Corporate Art Advice Art Blog
One question that I hear frequently from fledgling artists is about how they should price their art. The following is an exercise to help you arrive at an asking price that is in line with what other artists with similar credentials to yours are charging for their work.
First you will need to take some time to figure out where your base price should be. For example, figure out how much it cost to produce the work. If your materials cost $100 and it takes you 25 hours to produce the art at $15 per hour, then you would price the work at $475. When totaling the cost of materials, this should include canvas or paper, paint and brushes and also overheads such as electricity, rent of studio space or a model.
Next, you should research the market to find out what other artists are charging in your area. This will help you make sound comparisons to enable you to assign a sensible price similar to other similar works of art selling in your local market. This step includes the need for you to step back and objectively evaluate your art in relation to other local art. Keep in mind that these comparable artists should work in similar mediums, sell through similar venues, create similar work, and have similar experience, accomplishments, and quality of work to your own.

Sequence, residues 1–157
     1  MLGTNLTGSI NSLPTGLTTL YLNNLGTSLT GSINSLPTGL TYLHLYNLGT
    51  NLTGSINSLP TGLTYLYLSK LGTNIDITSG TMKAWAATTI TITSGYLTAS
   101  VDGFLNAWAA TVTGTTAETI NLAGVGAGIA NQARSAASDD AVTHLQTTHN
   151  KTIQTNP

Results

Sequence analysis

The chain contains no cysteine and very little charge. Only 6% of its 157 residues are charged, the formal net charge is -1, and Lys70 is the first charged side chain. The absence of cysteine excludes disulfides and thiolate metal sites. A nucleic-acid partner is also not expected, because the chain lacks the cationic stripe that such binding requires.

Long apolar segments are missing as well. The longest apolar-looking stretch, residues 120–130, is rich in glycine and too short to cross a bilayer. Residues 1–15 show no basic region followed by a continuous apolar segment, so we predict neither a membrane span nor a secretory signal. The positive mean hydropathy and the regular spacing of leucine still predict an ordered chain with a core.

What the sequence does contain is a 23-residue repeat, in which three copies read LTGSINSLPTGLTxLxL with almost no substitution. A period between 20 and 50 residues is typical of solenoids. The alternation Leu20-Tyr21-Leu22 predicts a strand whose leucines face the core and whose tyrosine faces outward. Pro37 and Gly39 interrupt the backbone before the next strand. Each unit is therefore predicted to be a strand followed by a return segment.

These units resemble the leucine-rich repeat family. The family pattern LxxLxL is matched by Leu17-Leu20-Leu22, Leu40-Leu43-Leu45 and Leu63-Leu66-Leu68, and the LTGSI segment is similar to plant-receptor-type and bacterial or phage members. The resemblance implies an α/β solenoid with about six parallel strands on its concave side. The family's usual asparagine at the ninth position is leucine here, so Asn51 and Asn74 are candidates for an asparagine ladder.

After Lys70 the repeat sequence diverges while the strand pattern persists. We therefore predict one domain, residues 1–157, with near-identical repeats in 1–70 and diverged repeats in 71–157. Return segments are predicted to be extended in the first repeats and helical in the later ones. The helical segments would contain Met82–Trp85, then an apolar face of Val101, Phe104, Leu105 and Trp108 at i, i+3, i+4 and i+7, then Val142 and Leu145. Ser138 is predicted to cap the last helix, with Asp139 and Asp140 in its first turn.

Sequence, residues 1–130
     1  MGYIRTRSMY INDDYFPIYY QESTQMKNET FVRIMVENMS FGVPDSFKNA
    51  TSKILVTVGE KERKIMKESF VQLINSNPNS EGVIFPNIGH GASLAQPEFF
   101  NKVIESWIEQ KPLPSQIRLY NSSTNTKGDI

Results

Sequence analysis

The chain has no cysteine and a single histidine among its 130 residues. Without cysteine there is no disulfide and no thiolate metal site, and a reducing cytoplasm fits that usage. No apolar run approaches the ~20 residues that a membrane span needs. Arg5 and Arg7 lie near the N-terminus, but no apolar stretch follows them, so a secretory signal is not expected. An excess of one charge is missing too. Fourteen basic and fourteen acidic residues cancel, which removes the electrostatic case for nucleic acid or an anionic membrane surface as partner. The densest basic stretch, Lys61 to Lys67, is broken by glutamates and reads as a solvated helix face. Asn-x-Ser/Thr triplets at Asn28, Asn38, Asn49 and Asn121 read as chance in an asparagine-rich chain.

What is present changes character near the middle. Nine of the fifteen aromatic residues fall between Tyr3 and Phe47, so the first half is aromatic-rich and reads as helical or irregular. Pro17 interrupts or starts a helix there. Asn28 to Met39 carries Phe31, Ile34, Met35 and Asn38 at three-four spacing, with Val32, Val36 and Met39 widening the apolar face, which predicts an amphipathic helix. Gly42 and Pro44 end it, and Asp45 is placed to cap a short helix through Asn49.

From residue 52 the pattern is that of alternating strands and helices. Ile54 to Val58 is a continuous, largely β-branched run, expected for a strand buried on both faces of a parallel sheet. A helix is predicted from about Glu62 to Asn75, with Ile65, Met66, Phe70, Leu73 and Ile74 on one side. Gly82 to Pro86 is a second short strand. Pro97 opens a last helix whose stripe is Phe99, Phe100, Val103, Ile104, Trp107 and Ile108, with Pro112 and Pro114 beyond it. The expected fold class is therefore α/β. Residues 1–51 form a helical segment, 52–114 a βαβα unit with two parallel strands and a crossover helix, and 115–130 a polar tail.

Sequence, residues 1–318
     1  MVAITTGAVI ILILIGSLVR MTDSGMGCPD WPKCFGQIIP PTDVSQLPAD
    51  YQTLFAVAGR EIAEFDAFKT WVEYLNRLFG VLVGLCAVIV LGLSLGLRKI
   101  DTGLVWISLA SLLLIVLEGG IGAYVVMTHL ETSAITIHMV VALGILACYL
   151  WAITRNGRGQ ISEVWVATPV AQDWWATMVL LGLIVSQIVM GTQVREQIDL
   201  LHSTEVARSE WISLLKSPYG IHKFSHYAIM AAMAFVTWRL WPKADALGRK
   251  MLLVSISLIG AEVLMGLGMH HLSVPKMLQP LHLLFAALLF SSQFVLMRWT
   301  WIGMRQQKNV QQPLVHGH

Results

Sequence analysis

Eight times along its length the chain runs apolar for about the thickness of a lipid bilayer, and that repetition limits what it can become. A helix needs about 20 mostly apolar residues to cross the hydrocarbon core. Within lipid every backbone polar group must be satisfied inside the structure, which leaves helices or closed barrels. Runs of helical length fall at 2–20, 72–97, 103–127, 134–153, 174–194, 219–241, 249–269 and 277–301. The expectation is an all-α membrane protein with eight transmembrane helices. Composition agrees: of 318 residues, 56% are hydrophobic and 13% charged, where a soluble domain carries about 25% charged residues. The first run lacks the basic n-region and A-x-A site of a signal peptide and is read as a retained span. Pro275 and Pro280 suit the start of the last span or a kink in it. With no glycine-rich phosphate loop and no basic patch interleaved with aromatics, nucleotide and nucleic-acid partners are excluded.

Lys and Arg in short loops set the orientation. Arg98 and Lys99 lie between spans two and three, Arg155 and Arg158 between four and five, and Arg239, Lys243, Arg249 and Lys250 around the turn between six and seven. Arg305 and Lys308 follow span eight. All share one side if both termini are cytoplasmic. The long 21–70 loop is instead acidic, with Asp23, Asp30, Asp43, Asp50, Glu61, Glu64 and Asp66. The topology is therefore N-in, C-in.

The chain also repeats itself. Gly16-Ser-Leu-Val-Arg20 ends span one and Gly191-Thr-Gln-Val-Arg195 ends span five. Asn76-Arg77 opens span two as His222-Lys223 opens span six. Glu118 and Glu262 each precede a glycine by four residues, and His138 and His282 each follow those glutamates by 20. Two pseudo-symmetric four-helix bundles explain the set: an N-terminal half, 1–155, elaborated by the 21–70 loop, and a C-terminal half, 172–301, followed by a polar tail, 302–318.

Finally you will need to look at some variables before coming to a fair competitive price. These variables would be such things as the use of more expensive materials, larger or smaller image sizes, levels of technical difficulty, complex compositions and more intricate details. Other factors you should consider are who the other artists show with, what their reputations are, and how long they've been active.
I wish there were an easier formula to use for this exercise, but because all art is unique, a set equation just wouldn__™t work. It may seem like an awful lot of work, but you can break each step down so that when you reach a stalemate in creating, you can be constructive by working on this exercise. Just remember to be consistent in pricing and be competitive. And never set one price for Mary and another for Jeff. This sort of pricing risks alienating buyers of all kinds.